Monoclonal Antibodies have revolutionized medicine. Since 1986, more than 20 Antibody drugs have been approved, with sales of $26 Billion in 2007 alone and expected to nearly double to $49 Billion in 2013. Sales are highly concentrated, with the top five drugs - Avastin, Rituxin Herceptin, Humira, and Remicade accounting for 78% of 2007 sales. It is rather amazing that Avastin and Herceptin has maintained such strong sales in the face of a deluge of cheaper small molecule competitors for their respective targets: VEGF and HER2.
Rituxin and Herceptin look to have patents expire in 2015 and will be vulnerable to generic biosimilars - Teva (NYSE:TEVA) is currently running clinical trials on a Rituxin biosimilar and is already selling one in India. To that end, Roche has looked to new technologies to extend the life of its multi-billion dollar Anti-CD20 and Anti-HER2 franchises.
Roche (OTCQX:RHHBY) is developing a follow-on fully humanized Anti-CD20 it claims is more potent than Rituxan. Roche is applying a technology called glyco-engineering, where a post-translationally added sugar called fucose is removed from the antibody. This helps to increase the antibody’s binding to the receptor as well as increase antibody-dependent cellular cytotoxicity, aiding in the destruction of target cells.
As for Herceptin, its Anti-HER2 drug, Roche is in late stages of developing an Antibody-Drug-Conjugate (ADC) in partnership with Immunogen (NASDAQ:IMGN), consisting of Herceptin linked to a toxic payload. After Herceptin binds to its receptor, the toxin is released into the cell. (In this case, a potent anti-microtubule.) Results from a phase IIb trial for this drug, T-DM1, were deemed good enough that Roche will use the data to file for an NDA.
New Technology Controlled by a Few Players
As with the development of fully humanized monoclonal antibodies, Antibody-Drug-Conjugate technology is concentrated in a few hands. Seattle Genetics (NASDAQ:SGEN), along with Immunogen are clear leaders in applying this technology. The key to this technology is the linker between the antibody and the toxin. The linker must remain stable long enough in the bloodstream to reach its target and allow the toxin to enter the cell where it is either enzyme cleaved or pH cleaved. These toxins are much more potent then those used in typical chemotherapy. Too much release in the bloodstream would lead to unwanted side effects. If the linker is too stable, the toxin will not be released.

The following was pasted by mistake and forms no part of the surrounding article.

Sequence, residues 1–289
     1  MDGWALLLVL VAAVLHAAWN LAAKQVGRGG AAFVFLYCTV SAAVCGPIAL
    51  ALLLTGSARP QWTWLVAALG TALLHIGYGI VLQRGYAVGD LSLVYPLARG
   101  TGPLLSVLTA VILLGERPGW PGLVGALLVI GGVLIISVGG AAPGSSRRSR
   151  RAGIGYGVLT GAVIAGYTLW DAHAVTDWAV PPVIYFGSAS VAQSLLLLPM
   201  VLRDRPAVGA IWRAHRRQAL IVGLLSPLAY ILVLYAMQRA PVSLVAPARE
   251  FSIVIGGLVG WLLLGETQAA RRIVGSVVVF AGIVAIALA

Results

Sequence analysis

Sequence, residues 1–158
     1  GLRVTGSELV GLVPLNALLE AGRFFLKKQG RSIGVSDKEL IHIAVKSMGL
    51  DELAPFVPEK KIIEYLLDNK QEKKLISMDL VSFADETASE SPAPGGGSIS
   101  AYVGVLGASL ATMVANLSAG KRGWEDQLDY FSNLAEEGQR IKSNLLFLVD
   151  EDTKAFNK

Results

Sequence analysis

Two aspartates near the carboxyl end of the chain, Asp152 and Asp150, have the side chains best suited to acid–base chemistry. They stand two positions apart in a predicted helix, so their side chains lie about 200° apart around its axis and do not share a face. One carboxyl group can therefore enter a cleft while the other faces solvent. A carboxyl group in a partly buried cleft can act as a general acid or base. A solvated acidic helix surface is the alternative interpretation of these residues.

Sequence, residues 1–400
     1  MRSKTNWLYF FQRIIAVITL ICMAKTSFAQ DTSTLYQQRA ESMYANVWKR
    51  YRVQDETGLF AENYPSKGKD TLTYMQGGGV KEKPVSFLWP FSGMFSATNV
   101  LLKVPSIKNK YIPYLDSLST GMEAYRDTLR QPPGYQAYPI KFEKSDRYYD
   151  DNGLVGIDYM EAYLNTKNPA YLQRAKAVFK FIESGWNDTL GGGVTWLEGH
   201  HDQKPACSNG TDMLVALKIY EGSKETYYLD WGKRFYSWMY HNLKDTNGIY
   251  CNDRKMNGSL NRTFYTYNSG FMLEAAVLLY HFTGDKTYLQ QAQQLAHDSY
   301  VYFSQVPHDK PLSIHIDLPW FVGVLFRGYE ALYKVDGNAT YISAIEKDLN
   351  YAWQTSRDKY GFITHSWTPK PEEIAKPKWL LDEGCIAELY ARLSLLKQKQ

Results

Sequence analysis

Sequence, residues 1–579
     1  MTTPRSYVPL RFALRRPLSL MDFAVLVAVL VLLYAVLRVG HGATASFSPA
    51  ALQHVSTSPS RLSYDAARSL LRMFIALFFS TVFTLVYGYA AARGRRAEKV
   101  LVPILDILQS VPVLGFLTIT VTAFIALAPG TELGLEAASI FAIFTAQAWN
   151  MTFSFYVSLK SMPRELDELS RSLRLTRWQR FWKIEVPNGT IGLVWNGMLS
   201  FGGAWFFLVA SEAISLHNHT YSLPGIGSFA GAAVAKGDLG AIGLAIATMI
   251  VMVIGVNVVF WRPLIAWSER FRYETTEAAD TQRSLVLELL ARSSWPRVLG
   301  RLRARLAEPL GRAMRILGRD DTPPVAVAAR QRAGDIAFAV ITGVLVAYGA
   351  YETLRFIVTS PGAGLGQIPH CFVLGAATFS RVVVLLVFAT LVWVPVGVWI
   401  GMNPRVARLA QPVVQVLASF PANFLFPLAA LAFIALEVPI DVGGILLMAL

Seattle Genetics has two proprietary ADCs in the clinic, one in late stage trials for Hodgkin’s Lymphoma and a second in early stage trials for non-Hodgkin’s Lymphoma and Renal Cell Carcinoma. An ADC being co-developed with Agensys is also in Phase I. Results for brentuximab vedotin, or SGN-35, their promising late stage compound, are expected later this year. Analysts expect very good data second half this year. The company expects to file for approval first half 2011.
ADC technology from Seattle Genetics is being used by a host of companies. Late last year, it signed lucrative deals with Takeda/Millenium for $60 Million upfront and $230 Million in milestones and with GSK for $12 Million upfront and $390 in milestones. In September last year, Bayer made a milestone payment to the company as it filed an IND for an ADC using their technology. This March, it also received a milestone payment from Genentech when an IND was filed for an antibody using their ADC technology.
In the clinic, Medimmune has advanced a Seattle Genetics ADC into Phase I. The company furthest along in developing ADCs with their technology is Celldex (NASDAQ:CLDX). It recently announced initiation of randomized Phase IIb trials for an ADC.
Seattle Genetics is also on the front lines of Antibody Glyco-engineering. Much of the current work in this area requires the use of recombinant cells - this is how Roche engineered their new Anti-CD20 antibody. Seattle Genetics invented a technique, Sugar Engineered Antibody (SEA), where modified sugars added to cell culture media inhibit the addition of Fucose incorporation into the mature antibody. Their technology is cost-effective, easy to implement, and can be used across multiple cell lines for antibody production.
Seattle Genetics has said it intends to license out the SEA technology as well as using it in their own programs.
This is one company with two ways to empower antibodies. Both technologies are validated. ADCs are in all phases of clinical trials, with one drug approved (Mylotarg). Roche’s Glyco-engineered 3rd generation Anti-CD20 antibody is now in Phase III trials.
Just as PEGylation improved and advanced recombinant protein therapies, ADC and Glyco-engineering will change the course of therapeutic antibodies development.
Disclosure: Long SGEN, CLDX